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Nutrition: vitamins and minerals
Nutrition: vitamins and minerals

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1.6.6 Vitamin B12 (cobalamin)

Vitamin B12 is yet another group of compounds, this time with an atom of the metal called cobalt (present in only trace quantities in the body) in their structure, hence the alternative name ‘cobalamin’. Vitamin B12 works alongside folate and if levels of it are low, folate deficiency symptoms occur too. It is stored in the liver and in general the body does not appear to need a regular intake. Many people have enough B12 stored in their liver to last for up to 30 years. Unlike most vitamins, vitamin B12 is found only in foods obtained from animals. In ruminant animals such as cattle and sheep, the bacteria in their stomachs synthesise vitamin B12, hence its presence in their meat, milk and dairy products. They too store it in their liver and hence eating liver is a rich source of the vitamin. Vegetarians are likely to take in sufficient vitamin B12 due to contamination of their food by yeasts and bacteria, but strict vegans may need to supplement their diet to ensure sufficient intake. If the diet contains excess amounts of vitamin C, this can bind to vitamin B12 and limit its availability. Vitamin B12 is essential for the formation of the protective coating of myelin, which is found around some nerve fibres (neurons) and so its deficiency can lead to malfunction of the nerves and eventual paralysis and dementia. Like folate, vitamin B12 is also vital for cell division, especially in the bone marrow, since it also plays a role in DNA synthesis.

Activity 12

Using your learning about folate and cell division, what condition might you expect to see in a person with vitamin B12 deficiency?


Since red blood cells are produced in the bone marrow, you would expect some type of anaemia to develop.

Deficiency of vitamin B12 due to dietary insufficiency is uncommon, but this vitamin can be deficient due to a condition that prevents its normal absorption. Because the B12 molecule is particularly large, in order to be absorbed by the body it has to be linked to a protein known as ‘intrinsic factor’, which is produced by the lining of the stomach. The combined ‘complex’ is then absorbed into the blood when the food reaches the small intestine. If the cells that produce intrinsic factor are destroyed, or the intrinsic factor is inactivated, vitamin B12 cannot be absorbed. This situation may occur due to an autoimmune disease in which the body produces antibodies against the cells that produce the intrinsic factor or against the intrinsic factor itself. Women are more commonly affected than men and this type of autoimmunity tends to run in families. The intrinsic factor-producing cells can also fail to function efficiently in a patient with ulcers, stomach cancer or other conditions such as Crohn's disease that affect the digestive system. The condition that results in all these cases is called pernicious anaemia, for which the treatment is regular injections of vitamin B12.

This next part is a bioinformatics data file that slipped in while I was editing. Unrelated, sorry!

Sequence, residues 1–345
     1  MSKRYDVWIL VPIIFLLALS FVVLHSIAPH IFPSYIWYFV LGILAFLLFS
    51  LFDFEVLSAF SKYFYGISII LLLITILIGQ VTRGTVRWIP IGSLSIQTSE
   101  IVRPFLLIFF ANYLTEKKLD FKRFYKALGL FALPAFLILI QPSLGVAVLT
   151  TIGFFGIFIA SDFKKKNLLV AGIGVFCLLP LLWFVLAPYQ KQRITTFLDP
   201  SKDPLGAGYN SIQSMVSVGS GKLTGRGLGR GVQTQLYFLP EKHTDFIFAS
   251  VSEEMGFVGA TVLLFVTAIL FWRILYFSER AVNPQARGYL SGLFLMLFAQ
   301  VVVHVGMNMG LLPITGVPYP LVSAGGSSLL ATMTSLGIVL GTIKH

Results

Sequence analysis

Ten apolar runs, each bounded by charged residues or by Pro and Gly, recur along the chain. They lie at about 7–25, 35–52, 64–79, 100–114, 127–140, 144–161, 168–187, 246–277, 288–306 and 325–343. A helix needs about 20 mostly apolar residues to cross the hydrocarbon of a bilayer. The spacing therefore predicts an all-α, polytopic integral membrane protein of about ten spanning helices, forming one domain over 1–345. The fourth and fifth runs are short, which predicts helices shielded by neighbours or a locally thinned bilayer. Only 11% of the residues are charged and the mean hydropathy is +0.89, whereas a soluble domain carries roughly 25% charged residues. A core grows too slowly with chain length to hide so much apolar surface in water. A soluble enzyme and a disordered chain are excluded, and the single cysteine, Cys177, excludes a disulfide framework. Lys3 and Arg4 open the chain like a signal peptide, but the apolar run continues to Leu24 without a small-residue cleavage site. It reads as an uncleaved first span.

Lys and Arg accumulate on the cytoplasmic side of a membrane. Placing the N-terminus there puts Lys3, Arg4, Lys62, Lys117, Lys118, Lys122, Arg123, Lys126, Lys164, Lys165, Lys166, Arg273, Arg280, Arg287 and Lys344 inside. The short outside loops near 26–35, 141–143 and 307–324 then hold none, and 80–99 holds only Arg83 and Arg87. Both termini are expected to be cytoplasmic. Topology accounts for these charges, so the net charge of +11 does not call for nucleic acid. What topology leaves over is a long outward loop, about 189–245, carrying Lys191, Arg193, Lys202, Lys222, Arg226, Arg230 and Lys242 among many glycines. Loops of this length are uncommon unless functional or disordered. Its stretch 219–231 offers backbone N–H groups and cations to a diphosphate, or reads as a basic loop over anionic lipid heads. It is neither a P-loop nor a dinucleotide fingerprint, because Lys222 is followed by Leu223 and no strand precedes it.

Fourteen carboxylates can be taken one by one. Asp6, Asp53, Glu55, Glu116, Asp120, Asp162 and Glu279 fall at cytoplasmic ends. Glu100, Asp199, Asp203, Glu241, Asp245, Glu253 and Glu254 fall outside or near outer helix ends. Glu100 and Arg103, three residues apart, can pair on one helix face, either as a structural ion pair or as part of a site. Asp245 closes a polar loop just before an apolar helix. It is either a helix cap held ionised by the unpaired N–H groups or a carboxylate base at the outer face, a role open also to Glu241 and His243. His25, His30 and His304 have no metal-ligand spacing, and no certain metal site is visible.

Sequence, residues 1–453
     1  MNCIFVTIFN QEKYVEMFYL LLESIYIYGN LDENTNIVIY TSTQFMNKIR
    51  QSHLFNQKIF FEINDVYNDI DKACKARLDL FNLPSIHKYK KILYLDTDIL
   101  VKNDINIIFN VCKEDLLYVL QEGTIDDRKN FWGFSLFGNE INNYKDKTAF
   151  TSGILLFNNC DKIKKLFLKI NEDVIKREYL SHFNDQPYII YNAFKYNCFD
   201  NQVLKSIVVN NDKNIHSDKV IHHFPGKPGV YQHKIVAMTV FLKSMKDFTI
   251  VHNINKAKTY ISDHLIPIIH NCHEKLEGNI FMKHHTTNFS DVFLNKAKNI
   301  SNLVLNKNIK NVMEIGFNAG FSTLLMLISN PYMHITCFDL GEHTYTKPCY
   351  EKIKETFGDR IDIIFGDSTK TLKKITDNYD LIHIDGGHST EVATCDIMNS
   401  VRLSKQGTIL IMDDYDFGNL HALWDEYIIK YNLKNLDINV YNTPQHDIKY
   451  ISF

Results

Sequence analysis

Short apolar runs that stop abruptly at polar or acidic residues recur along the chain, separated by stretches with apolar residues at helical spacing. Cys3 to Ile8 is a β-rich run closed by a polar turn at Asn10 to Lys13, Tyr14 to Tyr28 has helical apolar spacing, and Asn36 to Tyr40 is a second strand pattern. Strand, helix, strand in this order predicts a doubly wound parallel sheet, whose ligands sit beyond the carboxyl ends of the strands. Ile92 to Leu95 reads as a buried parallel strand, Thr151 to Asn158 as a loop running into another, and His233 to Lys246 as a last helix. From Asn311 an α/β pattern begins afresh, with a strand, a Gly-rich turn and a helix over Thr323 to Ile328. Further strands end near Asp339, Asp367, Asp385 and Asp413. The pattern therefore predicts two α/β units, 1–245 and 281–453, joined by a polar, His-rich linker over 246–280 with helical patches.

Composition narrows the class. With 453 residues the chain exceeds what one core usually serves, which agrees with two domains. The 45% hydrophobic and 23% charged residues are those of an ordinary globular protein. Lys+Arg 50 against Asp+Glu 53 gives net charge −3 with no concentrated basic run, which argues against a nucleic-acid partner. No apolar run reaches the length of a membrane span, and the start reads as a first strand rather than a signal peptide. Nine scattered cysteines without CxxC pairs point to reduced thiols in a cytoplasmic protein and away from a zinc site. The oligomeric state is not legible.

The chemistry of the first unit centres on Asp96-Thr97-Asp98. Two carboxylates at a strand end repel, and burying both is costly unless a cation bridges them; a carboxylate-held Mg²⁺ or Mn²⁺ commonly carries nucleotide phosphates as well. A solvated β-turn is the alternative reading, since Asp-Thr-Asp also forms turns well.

Activity 13

Before the availability of injectable vitamin B12, the treatment for pernicious anaemia was to feed the patient large quantities of raw liver every day. Why would this treatment be only partly effective?


The cause of pernicious anaemia is a failure in the absorption of vitamin B12 from the food, due to the lack of intrinsic factor to which it binds. Taking in large quantities of liver would increase the amount of B12 ingested, since liver is a rich source, but would not help the underlying lack of intrinsic factor. Presumably enough would be absorbed directly, without the binding factor, to have some effect in alleviating the anaemia.